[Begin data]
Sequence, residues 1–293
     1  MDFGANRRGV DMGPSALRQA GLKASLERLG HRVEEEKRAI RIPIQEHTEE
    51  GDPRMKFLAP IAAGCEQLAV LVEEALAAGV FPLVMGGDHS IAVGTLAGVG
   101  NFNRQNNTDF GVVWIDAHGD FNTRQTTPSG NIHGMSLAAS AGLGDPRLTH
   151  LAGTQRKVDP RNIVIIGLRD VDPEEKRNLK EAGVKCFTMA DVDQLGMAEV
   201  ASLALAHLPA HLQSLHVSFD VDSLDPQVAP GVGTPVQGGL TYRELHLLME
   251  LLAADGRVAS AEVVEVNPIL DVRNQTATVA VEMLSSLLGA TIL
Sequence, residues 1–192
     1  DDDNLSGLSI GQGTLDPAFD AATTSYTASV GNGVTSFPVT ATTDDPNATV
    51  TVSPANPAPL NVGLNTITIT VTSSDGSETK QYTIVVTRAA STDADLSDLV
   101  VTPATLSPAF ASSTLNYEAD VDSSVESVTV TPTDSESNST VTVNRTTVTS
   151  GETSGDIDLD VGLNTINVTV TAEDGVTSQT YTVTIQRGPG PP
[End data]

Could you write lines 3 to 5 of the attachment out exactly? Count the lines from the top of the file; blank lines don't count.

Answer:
    51  GDPRMKFLAP IAAGCEQLAV LVEEALAAGV FPLVMGGDHS IAVGTLAGVG
   101  NFNRQNNTDF GVVWIDAHGD FNTRQTTPSG NIHGMSLAAS AGLGDPRLTH
   151  LAGTQRKVDP RNIVIIGLRD VDPEEKRNLK EAGVKCFTMA DVDQLGMAEV